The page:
'Rare' as a selling point: The obscenity of million-dollar cars

By DPA | 4 July 2020


LONDON: If you are looking for a car that is even more exclusive than the Bentley Continental or Bugatti Chiron, then check out the luxury models carmakers are working on right now.

For those with too much money to spend, luxury manufacturers take established models and then partly or almost entirely revamp them into pure status symbols with excessive features and performance, Dietrich Hatlapa of London's Hagi Group explains.



Of course, these limited editions come with a hefty price tag, but also with one of the most coveted characteristics a car can have: they are rare.

The pricey modifications are worth it for manufacturers, who will have often sold out of these cars before they begin production. Owners, meanwhile, get to flaunt their eye-catching racers, even if the investment rarely pays off in the long run.

The car might cost three times as much as the basic model, but that doesn't mean it will automatically be worth three times as much as a collector's item, Hatlapa says.

Such cars may quickly lose in value, but demand for cars like Bentley's upcoming Bacalar is still high. Bentley is making just 12 of these two-seaters, based on the new Continental GT Cabrio but with a heavily modified body.



Then there's Rolls Royce's limited-edition Silver Bullet, based on the Dawn convertible. Here, too, the rear seat disappears under a special cover. No details were initially available about the price.

The latest small series by Aston Martin and McLaren aren't quite as rare but make up for it in speed. James Bond's own brand is currently building 88 units of a V12 Speedster, which with 700hp reaches a top speed of more than 300kph.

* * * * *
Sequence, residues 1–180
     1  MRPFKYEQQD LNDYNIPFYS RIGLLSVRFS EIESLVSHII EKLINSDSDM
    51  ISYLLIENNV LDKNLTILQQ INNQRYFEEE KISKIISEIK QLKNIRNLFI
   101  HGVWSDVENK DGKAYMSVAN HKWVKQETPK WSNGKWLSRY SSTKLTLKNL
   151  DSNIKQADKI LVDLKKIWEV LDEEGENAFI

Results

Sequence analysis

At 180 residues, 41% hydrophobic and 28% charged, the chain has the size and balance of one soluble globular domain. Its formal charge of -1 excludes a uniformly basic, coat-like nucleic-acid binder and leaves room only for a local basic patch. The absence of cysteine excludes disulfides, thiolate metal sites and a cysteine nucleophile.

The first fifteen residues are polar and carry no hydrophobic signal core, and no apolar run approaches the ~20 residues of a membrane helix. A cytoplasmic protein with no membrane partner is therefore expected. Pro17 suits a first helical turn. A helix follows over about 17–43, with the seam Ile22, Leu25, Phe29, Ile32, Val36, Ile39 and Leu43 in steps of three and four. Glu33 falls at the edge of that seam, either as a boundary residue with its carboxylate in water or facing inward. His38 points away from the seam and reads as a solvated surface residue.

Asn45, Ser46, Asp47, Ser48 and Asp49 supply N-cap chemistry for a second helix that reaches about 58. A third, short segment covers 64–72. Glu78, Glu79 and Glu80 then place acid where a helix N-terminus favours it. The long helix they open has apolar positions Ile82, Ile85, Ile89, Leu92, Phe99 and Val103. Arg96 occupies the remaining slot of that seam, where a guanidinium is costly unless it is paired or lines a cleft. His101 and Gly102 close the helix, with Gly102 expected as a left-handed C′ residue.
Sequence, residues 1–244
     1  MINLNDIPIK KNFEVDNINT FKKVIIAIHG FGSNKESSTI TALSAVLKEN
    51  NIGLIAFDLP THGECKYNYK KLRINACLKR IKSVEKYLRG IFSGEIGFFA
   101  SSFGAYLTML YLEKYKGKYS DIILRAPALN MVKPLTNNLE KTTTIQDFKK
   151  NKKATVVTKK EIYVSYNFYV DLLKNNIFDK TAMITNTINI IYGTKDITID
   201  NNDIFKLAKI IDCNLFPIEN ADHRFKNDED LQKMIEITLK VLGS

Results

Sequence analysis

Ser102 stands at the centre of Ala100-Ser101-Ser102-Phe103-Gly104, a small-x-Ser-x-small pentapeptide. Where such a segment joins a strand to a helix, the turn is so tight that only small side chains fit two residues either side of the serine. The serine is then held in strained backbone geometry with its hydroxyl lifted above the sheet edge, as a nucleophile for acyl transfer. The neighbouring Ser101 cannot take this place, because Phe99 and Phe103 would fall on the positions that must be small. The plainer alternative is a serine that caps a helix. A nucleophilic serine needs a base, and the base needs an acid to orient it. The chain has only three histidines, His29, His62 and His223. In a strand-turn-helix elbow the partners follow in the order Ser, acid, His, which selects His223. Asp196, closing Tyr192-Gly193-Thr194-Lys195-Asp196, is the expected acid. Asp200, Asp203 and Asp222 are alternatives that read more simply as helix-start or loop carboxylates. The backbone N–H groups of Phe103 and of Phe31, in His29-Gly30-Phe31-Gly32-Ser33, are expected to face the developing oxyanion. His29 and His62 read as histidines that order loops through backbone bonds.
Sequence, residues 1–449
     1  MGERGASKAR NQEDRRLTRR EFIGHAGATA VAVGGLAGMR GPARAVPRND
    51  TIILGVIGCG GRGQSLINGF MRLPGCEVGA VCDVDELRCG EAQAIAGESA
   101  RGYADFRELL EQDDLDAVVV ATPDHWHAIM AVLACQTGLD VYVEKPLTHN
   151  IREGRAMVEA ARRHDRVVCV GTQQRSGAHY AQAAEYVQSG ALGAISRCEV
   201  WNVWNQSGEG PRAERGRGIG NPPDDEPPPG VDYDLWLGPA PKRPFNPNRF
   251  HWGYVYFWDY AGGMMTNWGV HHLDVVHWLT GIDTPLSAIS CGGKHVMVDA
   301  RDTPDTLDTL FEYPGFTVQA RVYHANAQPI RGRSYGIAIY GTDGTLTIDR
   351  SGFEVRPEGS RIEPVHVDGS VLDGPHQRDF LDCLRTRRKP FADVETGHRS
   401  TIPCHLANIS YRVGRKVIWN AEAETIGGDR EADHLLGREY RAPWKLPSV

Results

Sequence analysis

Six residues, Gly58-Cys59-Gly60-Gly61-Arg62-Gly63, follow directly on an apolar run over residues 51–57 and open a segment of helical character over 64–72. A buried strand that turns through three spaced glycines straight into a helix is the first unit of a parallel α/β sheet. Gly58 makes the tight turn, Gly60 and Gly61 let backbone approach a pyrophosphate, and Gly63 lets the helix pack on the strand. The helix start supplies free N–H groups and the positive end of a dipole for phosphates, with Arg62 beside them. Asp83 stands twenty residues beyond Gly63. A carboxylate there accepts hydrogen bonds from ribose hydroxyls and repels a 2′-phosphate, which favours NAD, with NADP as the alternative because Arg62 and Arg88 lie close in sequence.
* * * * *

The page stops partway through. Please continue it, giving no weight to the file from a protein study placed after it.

McLaren, meanwhile, plans a breath of fresh air for 399 buyers of the Elva for a cool €1.7 million (RM8.2mil). Although 818hp is powerful and over 320kph fast, not only is there no hood, there isn't even a windscreen - instead, at high speeds, a special system guides air over the open cockpit.



Ferrari is doing the same thing and presented its Monza SP1 and SP2 before its British rival. Based on the 812 and available with one or two seats, the V12 sportscar with 810hp is also only available with neither roof nor windscreen.

Ferrari says the car is designed for "passionate customers and collectors" which is likely to mean a small number of units and a higher price tag, although this information has yet to be released.

Bugatti's La Voiture Noire is the rarest and most expensive of these exclusive cars, however.

Its lone buyer will have to dig deeper than most ever will ever earn in a lifetime to cover the shocking €16 million (RM77mil) pricetag that comes with owning the world's most expensive car.

But after a two-year wait, the reward is a 16-cylinder engine in a vehicle that bears only a passing resemblance to the carmaker's Chiron, which has undergone a radical remodelling.


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